TRENTON – Senate President Richard J. Codey was presented with the “Mental Health Champion” award by NAMI-NJ (National Alliance on Mental Illness – NJ Chapter) at the Statehouse last week for his tireless advocacy on behalf of mental health issues in New Jersey.
NAMI-NJ is a statewide nonprofit organization dedicated to improving the lives of individuals and families who are affected by mental illness. The award is given to individuals whose contributions lead to better quality care, treatment and understanding of mental illness.
Since his earliest days in the legislature, Sen. Codey has been known as one of Trenton’s biggest advocates for mental health. Early in his career, Sen. Codey exposed major problems in state psychiatric hospitals when he assumed the name of a deceased convicted criminal and was hired at Marlboro Psychiatric Hospital. His now legendary “undercover” operation led to reforms that have significantly improved the quality of care for patients in mental health facilities.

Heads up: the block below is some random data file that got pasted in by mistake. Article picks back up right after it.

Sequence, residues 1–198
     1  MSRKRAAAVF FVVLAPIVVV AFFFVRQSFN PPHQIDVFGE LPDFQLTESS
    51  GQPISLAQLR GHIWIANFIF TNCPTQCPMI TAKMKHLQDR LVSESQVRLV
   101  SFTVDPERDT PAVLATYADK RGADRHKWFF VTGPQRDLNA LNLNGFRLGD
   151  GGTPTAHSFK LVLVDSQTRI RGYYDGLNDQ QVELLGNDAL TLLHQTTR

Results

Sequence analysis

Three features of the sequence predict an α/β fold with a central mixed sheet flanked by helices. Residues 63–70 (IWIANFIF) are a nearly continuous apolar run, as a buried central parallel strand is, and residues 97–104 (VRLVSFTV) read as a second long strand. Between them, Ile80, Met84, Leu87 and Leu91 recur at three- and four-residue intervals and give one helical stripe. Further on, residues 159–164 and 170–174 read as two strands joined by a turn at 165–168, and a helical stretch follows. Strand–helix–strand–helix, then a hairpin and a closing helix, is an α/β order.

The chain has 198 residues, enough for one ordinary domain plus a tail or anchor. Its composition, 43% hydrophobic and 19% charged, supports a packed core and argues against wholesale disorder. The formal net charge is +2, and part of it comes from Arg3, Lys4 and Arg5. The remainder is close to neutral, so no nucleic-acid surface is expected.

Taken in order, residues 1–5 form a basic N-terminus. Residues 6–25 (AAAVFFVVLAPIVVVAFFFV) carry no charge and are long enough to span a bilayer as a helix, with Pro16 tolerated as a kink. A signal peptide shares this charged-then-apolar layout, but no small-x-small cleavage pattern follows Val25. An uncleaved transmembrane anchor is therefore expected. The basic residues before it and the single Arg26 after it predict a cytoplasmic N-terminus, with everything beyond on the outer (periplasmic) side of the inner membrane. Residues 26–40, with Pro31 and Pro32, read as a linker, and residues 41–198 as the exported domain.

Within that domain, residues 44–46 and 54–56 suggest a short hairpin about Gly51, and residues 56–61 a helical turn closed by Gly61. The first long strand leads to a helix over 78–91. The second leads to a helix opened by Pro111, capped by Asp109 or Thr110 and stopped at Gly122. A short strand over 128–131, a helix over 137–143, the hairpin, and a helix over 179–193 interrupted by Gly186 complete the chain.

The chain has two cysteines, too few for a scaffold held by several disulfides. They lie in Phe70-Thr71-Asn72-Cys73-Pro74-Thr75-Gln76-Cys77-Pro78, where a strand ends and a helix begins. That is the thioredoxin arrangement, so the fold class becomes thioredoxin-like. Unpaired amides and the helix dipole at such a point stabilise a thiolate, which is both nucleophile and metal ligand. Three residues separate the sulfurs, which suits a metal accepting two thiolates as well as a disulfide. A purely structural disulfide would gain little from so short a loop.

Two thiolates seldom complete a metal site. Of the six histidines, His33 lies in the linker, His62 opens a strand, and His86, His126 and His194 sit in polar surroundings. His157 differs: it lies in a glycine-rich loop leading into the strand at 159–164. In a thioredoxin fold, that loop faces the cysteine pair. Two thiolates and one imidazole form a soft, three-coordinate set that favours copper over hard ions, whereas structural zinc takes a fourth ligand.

As Governor, Codey continued to bring the struggles of the mentally ill to the forefront of the public’s attention. His first official act was to establish the Governor’s Task Force on Mental Health to report to him on the direction New Jersey should take in delivering improved services to its mentally ill. During his fourteen months as governor, Codey was successful in implementing more than 90 percent of the task force’s recommendations, resulting in a dramatic improvement in New Jersey’s mental health system.
These improvements included legislation, which Codey both sponsored and signed into law, that established a Special Needs Housing Fund, which will help create 10,000 new affordable housing opportunities for people with mental illness and other special needs. He also signed into law a plan to forgive up to $20,000 in student loans for new qualified college graduates who enter the social services industry. Along with his wife Mary Jo, he launched a statewide postpartum depression awareness campaign. His most recent efforts – a bill that requires doctors and healthcare professionals to screen and educate all new mothers for postpartum depression – was recently signed into law.